Moving On Checklist: Steps to Consider after Divorce

Moving On Checklist: Steps to Consider after Divorce

From Finances to Romance, Seven Tips to Think About in Your New Life

Maybe you’re still single, but you’re forging a new path with your finances, career and some travel thrown in for fun. Or you want to get back in the game,you’re your hand at online dating and find that special someone. Or Maybe you’ve already found a new partner and are considering remarriage, but have questions about your soon-to-be stepchildren. As you recover from the legal, financial and emotional aspects of your divorce, here are some things to consider for your future.

1. TAKE TIME TO GET INTO ANOTHER RELATIONSHIP.

Particularly if you have had trust issues with your ex-spouse, taking your time before jumping into a new “committed” relationship is a good idea. Some experts suggest introducing your new date to friends and family to check out the “fit.” Some suggest waiting a period of time before committing to a physical relationship. Whatever you decide, trust your gut instincts on the person’s trustworthiness before moving forward with a more permanent relationship.

2. BE CAREFUL ONLINE.

It’s commonplace to meet dates online. In fact, some experts consider it much easier than past singles venues. If you decide to go the online route, make certain you are cautious at first with details about your life, meet your potential dates in high-traffic areas for coffee or lunch before inviting someone into your home. While many people do find their soulmates online, it’s still good to be careful as you introduce new people into your life.

3. CONSIDER THERAPY BEFORE REMARRIAGE.

Statistics show that many second marriages end in divorce as well. So as you prepare before your wedding, make certain you understand the commitment you are making. A marriage therapist can help you and your new partner make the most of your relationship by helping you unload your baggage from the past with new communication or relationship techniques to help make this time around better for both of you. If you cannot afford a marriage counselor, some government agencies offer low-cost alternatives. And some churches often have their own version of religious pre-marital counseling, which can help.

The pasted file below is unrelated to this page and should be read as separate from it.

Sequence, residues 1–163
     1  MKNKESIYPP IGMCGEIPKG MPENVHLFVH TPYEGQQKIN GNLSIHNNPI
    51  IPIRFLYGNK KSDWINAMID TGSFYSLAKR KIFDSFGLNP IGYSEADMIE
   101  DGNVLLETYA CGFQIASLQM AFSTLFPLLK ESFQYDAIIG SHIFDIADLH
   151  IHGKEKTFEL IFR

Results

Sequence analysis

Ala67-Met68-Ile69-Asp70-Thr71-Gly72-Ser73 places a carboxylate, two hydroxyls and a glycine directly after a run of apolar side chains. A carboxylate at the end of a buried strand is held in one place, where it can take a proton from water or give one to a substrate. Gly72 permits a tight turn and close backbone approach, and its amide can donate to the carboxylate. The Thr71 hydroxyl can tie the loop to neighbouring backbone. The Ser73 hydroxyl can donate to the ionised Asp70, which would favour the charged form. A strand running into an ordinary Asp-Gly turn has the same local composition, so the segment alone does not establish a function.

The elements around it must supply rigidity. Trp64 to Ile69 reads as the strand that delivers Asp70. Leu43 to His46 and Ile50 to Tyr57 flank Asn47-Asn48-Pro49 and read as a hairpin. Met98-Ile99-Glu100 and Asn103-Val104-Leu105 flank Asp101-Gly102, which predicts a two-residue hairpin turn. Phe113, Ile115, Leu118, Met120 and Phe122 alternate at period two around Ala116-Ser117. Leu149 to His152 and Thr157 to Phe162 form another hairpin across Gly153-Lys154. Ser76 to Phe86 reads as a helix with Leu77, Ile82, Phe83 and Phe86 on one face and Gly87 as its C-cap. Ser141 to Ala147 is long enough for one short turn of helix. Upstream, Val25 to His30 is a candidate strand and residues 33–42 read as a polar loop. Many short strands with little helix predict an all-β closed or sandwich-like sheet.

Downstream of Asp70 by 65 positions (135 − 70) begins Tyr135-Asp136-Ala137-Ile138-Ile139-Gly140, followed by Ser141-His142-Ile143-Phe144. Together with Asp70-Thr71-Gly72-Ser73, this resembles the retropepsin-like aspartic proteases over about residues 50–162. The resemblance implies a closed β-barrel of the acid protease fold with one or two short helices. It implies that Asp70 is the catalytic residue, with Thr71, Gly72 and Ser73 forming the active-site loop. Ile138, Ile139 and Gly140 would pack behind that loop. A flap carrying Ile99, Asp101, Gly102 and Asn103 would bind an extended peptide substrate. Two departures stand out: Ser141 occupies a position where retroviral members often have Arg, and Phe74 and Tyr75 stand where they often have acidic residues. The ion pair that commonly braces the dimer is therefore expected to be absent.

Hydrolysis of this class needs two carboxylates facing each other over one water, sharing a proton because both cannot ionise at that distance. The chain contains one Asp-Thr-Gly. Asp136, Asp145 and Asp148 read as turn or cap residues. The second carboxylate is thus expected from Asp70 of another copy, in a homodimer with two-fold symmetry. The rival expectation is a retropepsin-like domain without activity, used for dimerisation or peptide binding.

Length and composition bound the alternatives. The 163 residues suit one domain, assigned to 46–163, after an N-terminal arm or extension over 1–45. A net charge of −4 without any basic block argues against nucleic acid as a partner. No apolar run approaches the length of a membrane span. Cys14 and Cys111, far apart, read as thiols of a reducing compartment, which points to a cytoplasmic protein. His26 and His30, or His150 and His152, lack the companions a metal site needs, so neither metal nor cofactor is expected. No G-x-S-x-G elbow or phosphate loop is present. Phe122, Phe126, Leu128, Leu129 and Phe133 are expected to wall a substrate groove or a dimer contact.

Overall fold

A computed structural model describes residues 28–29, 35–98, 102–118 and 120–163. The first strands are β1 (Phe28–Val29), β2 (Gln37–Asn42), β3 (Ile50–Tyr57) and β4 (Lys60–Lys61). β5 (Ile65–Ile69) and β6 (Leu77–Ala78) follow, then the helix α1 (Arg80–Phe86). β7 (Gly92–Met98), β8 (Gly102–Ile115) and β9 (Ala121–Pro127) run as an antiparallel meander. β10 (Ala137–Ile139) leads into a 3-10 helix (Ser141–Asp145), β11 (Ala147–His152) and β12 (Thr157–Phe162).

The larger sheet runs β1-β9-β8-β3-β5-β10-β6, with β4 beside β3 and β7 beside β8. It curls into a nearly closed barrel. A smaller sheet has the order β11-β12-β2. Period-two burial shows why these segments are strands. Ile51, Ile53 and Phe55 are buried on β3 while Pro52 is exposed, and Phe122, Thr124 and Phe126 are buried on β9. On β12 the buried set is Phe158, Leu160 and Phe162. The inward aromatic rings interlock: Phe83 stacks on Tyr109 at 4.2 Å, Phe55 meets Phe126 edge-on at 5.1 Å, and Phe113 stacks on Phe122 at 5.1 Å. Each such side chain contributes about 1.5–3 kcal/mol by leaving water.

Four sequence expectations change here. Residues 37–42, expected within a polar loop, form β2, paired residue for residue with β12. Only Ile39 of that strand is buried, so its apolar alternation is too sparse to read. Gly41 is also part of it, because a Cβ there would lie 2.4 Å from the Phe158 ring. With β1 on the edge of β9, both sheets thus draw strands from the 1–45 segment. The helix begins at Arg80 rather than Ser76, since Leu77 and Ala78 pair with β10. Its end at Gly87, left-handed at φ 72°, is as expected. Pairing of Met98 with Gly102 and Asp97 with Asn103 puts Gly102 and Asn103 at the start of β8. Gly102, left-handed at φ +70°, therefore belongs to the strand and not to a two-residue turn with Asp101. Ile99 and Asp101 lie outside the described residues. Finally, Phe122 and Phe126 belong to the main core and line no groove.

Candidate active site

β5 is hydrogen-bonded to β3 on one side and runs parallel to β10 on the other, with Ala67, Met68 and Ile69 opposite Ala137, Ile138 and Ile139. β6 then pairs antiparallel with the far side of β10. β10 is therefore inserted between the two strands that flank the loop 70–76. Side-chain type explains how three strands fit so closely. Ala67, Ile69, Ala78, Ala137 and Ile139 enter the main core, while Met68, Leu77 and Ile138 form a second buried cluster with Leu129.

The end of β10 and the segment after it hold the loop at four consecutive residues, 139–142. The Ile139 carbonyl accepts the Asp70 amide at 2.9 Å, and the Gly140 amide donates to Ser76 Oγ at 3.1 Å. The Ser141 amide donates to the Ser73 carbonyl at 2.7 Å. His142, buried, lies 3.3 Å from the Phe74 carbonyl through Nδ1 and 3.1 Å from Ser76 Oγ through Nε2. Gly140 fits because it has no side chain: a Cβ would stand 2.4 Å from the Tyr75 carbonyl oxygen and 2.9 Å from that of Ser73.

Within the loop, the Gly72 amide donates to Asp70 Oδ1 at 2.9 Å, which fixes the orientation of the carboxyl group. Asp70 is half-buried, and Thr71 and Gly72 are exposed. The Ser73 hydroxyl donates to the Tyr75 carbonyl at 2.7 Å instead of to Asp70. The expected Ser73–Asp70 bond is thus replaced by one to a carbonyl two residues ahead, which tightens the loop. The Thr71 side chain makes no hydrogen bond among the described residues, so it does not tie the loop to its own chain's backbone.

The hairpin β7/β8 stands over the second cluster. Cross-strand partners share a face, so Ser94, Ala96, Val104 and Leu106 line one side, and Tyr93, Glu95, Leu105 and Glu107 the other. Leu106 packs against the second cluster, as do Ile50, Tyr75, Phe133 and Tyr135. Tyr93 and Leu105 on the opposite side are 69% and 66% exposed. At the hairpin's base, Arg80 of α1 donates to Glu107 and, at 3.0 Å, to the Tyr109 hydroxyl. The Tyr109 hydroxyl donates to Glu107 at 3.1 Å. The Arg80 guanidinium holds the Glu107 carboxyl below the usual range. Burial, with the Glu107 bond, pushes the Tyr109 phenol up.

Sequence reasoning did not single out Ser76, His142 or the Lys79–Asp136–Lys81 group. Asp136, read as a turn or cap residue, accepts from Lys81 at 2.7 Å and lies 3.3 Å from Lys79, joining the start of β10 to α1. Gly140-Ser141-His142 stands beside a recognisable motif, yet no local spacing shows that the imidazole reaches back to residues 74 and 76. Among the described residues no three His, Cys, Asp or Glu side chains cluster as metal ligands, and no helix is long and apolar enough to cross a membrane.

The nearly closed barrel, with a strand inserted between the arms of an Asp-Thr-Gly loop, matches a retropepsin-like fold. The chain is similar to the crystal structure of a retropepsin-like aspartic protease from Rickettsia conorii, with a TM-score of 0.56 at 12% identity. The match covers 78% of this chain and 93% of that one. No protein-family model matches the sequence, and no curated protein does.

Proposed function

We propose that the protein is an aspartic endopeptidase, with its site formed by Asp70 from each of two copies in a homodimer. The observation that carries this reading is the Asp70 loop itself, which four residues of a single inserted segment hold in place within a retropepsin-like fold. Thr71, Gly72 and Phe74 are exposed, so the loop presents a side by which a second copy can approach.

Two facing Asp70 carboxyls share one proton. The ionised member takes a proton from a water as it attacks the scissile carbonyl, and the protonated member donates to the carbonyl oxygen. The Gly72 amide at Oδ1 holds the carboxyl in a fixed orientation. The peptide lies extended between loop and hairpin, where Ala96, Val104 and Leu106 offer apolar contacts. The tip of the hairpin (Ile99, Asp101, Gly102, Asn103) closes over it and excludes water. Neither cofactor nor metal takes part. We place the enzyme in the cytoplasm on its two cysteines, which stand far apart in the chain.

4. KNOW WHAT YOU’RE GETTING INTO WITH CHILDREN.

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If your new spouse has children and so do you, having his and hers in the house,“ with the potential of an ours someday,“ can be chaotic and make for a difficult adjustment period. “The Brady Bunch” is just a TV show. No matter whose they are, children are a life-time responsibility. And stepparenting in the real world requires communication, patience, and love. Consider research on stepparenting, support groups or other ways to connect with your new family.

5. KNOW YOUR FINANCESAND KNOW YOUR NEW PARTER’S FINANCES ALSO.

If you’re both spenders, you may want to discuss this and get some financial counseling and set some rules for the relationship before you move in together. If this was a problem in your previous relationship, don’t let it be a problem again. It may not sound romantic, but it’s realistic. Putting together a financial budget, making certain you can support your lifestyle together and figuring out who commits what to its financial health will give you both peace of mind as you move into your future together.

6. CONSIDER A PRENUPTIAL AGREEMENT.

If you didn’t sign a prenuptial agreement in your previous relationship, perhaps this time you’ll think about this financial option. This is particularly important if you have accumulated financial assets, a home, business, 401K or other investments,“ before your marriage. This protects both of you, should the relationship ever founder. You can find legal paperwork on the Internet, but an attorney is a better alternative if you have the money to obtain one.

7. KNOW — AND UNDERSTAND — ANY PRIOR FINANCIAL COMMITMENTS.

Does your potential spouse pay child support or alimony or have to keep an insurance policy or arrange travel for children on the holidays or during the summer as part of a court-ordered decree? While you are not legally responsible for any of this if you marry, you are responsible for your own financial and mental wellbeing. Stress can accompany debt. And if he or she is already financially committed by the courts, you should consider whether long-term this is a relationship that you can live with, given you will likely carry the financial load if you marry, and if you decide to have children.

The tips for this list were culled from experts and articles on Wevorce.com. If you have suggestions for tips to add to this list, please e-mail us at editors@Wevorce.com

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